Traditional Dress in Ethiopia
This ankle length, chiffon made, snow white dress is usually worn at formal events.
To classify Ethiopia's national costume into one easily identifiable variety is a daunting task. There are of course the well known snow white outfits that have been commonly associated with Ethiopia's national identity but this is just the tip of the iceberg.
Each tribe or ethnic group that resides within Ethiopia's borders has its own styles and varieties. Ethiopia is a large country with a wide range of climates and landscapes. This, itself, is a cause for the differences in attire among the diverse peoples of the country.
For example, people who reside in the lowlands opt for lighter weight clothing because of the heat, while their neighbors in the highlands prefer heavier clothing due to the colder weather.
While the all white outfit, can be considered the national costume, since it is widely accepted there are striking variations. The women of Harar adorn themselves in purple, red, and black dresses, while the Oromo peoples of Bale prefer leather garments and the Afaris choose to wear brightly colored wraps made of cotton.
Even with all this variety, the difference in the clothing design or color is not what sets them apart for identification. As a matter of fact, it is the hairstyles, jewelry, and embroidery patterns that helps in differentiating the various tribes and ethnic groups.
For example, the women of Amhara and Tigray tend to use lots of braids when doing their hair, while Harari women use buns behind their ears, etc.
The embroidery patterns vary on a massive scale from tribe to tribe, from ethnic group to ethnic group. This would be a great topic of interest for cultural tourists as well as for the many diverse Ethiopians themselves.
"Ethiopian coffee dress", a suggestion to the traditional coffee ceremony.
"Habesha kemis" which is in Amharic, the official Ethiopian language, refers to the national traditional outfit of Ethiopian women. It is often a long snow white dress decorated with embroidery and accompanied with a shawl called "netela".
It is a very thin and delicate scarf made from cotton and is rather large: about 160 x 260 cm or 63 x 102 inches. The embroidery done on the ends of the "netela" are usually decorated to match the dress it accompanies.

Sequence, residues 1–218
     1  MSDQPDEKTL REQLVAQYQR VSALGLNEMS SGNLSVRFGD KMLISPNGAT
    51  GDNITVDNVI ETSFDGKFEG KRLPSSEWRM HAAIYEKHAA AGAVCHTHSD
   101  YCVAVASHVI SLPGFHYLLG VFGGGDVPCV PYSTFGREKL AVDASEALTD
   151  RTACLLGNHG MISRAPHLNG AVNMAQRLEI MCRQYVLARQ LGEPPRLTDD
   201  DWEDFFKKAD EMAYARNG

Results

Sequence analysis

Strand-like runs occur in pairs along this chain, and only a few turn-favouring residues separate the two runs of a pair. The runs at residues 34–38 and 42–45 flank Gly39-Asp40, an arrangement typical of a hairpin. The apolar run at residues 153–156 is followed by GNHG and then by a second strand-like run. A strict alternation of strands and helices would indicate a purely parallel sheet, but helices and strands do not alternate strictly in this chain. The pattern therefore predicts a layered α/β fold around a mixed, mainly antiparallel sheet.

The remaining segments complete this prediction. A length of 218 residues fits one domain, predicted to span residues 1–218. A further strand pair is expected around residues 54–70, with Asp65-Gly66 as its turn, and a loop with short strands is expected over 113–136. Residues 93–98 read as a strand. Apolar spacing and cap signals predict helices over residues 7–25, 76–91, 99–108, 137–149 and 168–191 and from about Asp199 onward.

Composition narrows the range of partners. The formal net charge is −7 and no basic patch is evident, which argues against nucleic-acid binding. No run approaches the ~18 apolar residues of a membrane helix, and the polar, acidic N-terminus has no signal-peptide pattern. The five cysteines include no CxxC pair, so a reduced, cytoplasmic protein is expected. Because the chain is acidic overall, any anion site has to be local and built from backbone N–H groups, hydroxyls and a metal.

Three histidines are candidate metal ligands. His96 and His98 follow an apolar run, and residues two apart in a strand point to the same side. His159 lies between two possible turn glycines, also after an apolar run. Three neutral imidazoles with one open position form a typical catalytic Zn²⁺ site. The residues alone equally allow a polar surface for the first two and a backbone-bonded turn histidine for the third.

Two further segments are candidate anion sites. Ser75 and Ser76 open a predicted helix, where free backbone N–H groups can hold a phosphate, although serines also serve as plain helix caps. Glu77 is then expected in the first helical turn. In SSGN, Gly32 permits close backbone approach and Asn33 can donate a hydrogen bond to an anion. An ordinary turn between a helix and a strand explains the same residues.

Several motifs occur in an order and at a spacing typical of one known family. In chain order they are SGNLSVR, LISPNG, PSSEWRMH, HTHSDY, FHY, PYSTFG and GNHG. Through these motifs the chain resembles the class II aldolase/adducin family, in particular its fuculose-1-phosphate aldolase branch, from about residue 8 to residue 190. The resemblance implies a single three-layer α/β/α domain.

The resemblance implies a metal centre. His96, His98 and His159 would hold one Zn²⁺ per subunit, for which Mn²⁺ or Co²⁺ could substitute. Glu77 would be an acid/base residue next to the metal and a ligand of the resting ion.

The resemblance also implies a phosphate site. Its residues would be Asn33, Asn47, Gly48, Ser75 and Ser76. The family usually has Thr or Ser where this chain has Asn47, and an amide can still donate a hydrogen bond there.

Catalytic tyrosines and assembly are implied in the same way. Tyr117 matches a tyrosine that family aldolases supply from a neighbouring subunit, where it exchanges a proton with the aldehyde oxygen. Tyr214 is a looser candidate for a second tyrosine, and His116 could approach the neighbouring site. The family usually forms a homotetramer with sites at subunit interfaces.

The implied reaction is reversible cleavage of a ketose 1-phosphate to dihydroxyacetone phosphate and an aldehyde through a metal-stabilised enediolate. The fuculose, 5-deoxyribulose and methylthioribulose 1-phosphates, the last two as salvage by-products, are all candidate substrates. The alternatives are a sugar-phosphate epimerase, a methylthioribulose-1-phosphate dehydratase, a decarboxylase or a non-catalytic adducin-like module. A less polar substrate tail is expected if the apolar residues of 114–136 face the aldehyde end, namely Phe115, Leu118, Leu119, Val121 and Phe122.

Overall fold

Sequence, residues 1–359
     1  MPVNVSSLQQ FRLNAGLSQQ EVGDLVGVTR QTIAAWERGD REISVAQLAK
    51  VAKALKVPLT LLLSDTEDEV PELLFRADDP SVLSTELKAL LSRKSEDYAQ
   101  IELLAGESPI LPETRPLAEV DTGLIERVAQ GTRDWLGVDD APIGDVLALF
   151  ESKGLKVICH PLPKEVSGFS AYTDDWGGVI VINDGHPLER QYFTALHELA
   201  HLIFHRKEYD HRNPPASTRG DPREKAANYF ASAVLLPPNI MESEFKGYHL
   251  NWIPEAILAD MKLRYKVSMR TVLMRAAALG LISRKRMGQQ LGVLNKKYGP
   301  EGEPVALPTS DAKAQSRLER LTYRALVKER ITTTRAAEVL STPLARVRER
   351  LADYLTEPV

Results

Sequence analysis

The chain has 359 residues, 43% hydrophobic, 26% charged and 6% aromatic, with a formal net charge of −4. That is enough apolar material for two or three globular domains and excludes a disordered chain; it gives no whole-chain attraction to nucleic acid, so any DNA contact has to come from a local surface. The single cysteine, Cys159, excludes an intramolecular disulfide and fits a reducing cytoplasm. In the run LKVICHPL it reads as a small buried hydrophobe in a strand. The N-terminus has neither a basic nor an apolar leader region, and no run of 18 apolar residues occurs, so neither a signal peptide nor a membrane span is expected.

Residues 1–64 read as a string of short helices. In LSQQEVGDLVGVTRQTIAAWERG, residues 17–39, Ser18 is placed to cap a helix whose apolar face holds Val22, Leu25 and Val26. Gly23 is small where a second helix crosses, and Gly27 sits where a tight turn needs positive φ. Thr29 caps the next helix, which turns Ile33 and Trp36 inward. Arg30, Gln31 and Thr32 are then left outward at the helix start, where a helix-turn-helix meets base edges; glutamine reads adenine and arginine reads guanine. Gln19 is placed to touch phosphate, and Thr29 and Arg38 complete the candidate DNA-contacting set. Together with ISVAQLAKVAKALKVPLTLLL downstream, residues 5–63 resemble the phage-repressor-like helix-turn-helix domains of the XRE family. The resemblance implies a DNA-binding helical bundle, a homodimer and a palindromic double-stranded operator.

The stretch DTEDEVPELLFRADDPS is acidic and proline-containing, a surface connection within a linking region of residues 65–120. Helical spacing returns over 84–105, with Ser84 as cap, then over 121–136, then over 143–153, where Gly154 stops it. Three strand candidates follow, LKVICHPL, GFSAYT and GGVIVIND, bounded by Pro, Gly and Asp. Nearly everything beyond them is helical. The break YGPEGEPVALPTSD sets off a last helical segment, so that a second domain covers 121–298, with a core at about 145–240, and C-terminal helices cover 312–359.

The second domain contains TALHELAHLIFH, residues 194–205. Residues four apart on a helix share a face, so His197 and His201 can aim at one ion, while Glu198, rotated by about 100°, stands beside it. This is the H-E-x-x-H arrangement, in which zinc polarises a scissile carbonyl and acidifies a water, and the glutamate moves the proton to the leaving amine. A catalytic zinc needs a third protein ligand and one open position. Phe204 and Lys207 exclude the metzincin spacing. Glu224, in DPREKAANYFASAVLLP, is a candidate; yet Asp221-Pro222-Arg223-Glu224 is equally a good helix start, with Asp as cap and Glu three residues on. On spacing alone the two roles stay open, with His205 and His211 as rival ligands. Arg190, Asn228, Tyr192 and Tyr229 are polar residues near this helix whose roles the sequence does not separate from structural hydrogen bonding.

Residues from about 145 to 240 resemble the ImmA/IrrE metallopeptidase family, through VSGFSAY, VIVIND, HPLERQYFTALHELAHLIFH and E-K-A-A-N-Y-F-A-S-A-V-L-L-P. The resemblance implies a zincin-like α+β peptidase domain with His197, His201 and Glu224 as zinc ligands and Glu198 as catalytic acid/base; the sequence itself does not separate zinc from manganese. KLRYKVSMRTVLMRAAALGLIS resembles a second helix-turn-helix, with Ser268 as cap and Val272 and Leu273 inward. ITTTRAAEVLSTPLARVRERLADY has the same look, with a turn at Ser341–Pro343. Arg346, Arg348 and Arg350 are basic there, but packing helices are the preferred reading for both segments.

The "netela" is also used as a way to communicate what the wearer is feeling or doing. Normally, the "netela" covers the back and shoulders, with the embroidered end folded over the right shoulder.
For mourning occasions, the "netela's" embroidered end is wrapped around the face. When it comes to religious occasions or activities, the "netela" is wrapped over the back and shoulders and the embroidered end is folded over the right shoulder.
When the wearer is relaxing, the shawl is placed with the embroidered end over the left shoulder.
Two shawls one for the head and one likewise for the shoulders can be used by the female wearing this Ethiopian traditional dress.
Although, it is most often used, one should remember the "netela" is not the only form of wrap around for the Ethiopian female.
There are the "fota", the "docho" and the "gabi". The "fota" a sort of towel looking piece is brighter and usually checkered. Its size is about 147 x 268 cm or 58 x 105 inches. The "docho" is only worn by married women and is very long. The size of the "docho" is usually about 8 meters or 26 feet long.
The "gabi" is not really a scarf in the normal sense, but more like a light blanket. It is thicker and warmer than the "netela" and usually worn by men but women can use it at home to keep warm.
To illustrate how the "habesha kemis" could vary by ethnicity and tribe, let us look at the Shewa and Gondar versions.
For Shewa women, the white linen has embroidery on the cuffs, in the middle, on the bottom, or on all three. This is paired with the white "netela" or scarf wrap around of the same fabric and design color.
The Gondar type on the other hand has a thick rim of embroidery on the bottom hem, but only on the back.
There is also another traditional dress that is made from a thicker fabric that is loose around the arms with symbols of the Ethiopian Orthodox Cross.
When donning their national costume Ethiopian men a wear white knee length shirt, white trousers, a sweater, knee high socks and the wrap around "gabi", which we elaborated on earlier.
This outfit is traditionally all white yet in some cases there is some nice embroidery work done on the front of the shirts and on the collars. The gabi can also have some embroidery on the ends but this is rare for the men folk.
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